A quick look around, looks like that was Chase, BofA and Wells Fargo still have it.  Wells Fargo lol.

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  • Mike400 wrote:

    They claim they're always losing money when the reality is they're simply not raking it in as fast as they want.  As for joining a credit union, I've been a credit union member since I graduated college in 1985, and it's just for the list you gave along with other issues.

    Who's claiming banks are losing money?

    Joel Garry wrote:

    Banks still have overdraft protection?  Last time I was at a bank they got rid of credit card linked overdraft protection (a few years ago).  My credit union doesn't have it.  Something about a major change in regulations.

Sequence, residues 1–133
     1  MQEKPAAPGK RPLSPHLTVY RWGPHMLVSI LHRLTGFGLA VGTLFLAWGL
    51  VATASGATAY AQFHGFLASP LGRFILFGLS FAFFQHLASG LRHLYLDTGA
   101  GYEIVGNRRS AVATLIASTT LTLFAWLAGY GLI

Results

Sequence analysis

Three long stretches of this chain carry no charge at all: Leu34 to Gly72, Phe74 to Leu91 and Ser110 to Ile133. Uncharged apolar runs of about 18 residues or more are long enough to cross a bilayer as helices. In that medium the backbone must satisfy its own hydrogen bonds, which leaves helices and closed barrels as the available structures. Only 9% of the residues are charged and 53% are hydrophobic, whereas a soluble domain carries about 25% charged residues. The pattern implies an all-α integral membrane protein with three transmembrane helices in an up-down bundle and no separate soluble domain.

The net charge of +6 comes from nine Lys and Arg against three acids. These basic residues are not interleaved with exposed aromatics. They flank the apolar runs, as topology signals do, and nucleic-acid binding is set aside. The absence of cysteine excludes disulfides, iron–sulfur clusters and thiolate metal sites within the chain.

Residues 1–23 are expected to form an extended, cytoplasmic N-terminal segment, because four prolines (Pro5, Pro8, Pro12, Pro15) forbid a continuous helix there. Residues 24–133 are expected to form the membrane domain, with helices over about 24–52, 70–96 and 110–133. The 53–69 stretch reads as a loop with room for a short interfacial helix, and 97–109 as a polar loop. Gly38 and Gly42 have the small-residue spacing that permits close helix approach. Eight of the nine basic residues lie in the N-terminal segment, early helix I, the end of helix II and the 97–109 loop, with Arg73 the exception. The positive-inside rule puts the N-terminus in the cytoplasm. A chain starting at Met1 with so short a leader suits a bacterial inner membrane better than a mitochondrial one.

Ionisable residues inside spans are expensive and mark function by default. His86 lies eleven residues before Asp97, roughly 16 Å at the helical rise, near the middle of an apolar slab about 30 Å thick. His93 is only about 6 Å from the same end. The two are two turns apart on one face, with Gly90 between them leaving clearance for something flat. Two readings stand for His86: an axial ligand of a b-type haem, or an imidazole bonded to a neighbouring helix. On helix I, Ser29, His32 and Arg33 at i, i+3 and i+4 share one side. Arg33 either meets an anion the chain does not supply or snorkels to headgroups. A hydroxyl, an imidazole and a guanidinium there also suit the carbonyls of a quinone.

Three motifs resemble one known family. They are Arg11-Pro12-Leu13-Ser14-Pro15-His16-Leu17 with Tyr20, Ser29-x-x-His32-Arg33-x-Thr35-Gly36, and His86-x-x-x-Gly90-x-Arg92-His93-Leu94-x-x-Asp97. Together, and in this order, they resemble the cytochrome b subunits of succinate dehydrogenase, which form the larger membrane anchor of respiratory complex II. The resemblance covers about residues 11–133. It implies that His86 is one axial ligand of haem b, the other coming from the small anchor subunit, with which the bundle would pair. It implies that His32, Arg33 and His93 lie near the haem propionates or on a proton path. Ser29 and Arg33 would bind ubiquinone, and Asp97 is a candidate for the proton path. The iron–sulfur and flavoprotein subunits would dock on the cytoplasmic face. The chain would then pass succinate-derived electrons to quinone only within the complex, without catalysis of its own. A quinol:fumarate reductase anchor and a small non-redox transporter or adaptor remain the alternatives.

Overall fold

A quick look around, looks like that was Chase, BofA and Wells Fargo still have it.  Wells Fargo lol.

    BofA signed me up for it, I got burned by it like 10 years ago (hit with $50) and disabled it in the web portal.

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  • What do I think of the guidance provided by the FBI?

    I think they gonna have to pay me a minimum of 200 grand a year for my opinion.  I don't work for free.

    Pepper graySpice (1) flagReport
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  • Marvinthedepressedrobot wrote:

    I think its a good idea but that being said maybe banks should be on the forefront of security / monitoring? They are supposed to be securing everyone's finances so...... yeah might be a good idea to make sure anything that has some sort of impact on others at least has a standard level of security to it.

    I know that my bank is on the forefront of computer security. My wife works there, and their security protocols are breathtakingly strict. Even for someone like me who knows a couple things about security.